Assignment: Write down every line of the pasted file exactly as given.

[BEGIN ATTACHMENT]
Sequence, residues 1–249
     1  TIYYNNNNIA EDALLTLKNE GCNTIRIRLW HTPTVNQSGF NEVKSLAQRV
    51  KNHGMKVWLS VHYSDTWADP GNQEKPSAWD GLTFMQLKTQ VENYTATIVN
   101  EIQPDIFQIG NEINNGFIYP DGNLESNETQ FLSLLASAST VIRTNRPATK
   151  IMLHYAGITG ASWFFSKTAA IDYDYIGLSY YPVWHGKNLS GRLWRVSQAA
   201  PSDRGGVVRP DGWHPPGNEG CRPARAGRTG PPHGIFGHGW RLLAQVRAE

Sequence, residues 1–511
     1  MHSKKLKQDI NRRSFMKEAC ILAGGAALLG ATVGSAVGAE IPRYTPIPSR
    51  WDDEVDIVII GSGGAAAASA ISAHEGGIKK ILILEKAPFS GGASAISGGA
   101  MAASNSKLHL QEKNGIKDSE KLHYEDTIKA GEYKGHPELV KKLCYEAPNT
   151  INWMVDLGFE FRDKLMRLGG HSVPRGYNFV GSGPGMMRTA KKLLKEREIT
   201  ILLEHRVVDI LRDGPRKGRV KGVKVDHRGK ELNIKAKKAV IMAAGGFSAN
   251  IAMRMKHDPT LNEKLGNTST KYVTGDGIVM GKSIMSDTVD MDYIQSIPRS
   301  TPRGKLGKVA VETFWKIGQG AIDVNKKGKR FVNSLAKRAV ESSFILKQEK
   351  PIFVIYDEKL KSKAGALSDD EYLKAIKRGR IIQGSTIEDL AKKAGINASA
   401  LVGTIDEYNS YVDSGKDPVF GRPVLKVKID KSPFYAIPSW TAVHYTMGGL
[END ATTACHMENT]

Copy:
Sequence, residues 1–249
     1  TIYYNNNNIA EDALLTLKNE GCNTIRIRLW HTPTVNQSGF NEVKSLAQRV
    51  KNHGMKVWLS VHYSDTWADP GNQEKPSAWD GLTFMQLKTQ VENYTATIVN
   101  EIQPDIFQIG NEINNGFIYP DGNLESNETQ FLSLLASAST VIRTNRPATK
   151  IMLHYAGITG ASWFFSKTAA IDYDYIGLSY YPVWHGKNLS GRLWRVSQAA
   201  PSDRGGVVRP DGWHPPGNEG CRPARAGRTG PPHGIFGHGW RLLAQVRAE

Sequence, residues 1–511
     1  MHSKKLKQDI NRRSFMKEAC ILAGGAALLG ATVGSAVGAE IPRYTPIPSR
    51  WDDEVDIVII GSGGAAAASA ISAHEGGIKK ILILEKAPFS GGASAISGGA
   101  MAASNSKLHL QEKNGIKDSE KLHYEDTIKA GEYKGHPELV KKLCYEAPNT
   151  INWMVDLGFE FRDKLMRLGG HSVPRGYNFV GSGPGMMRTA KKLLKEREIT
   201  ILLEHRVVDI LRDGPRKGRV KGVKVDHRGK ELNIKAKKAV IMAAGGFSAN
   251  IAMRMKHDPT LNEKLGNTST KYVTGDGIVM GKSIMSDTVD MDYIQSIPRS
   301  TPRGKLGKVA VETFWKIGQG AIDVNKKGKR FVNSLAKRAV ESSFILKQEK
   351  PIFVIYDEKL KSKAGALSDD EYLKAIKRGR IIQGSTIEDL AKKAGINASA
   401  LVGTIDEYNS YVDSGKDPVF GRPVLKVKID KSPFYAIPSW TAVHYTMGGL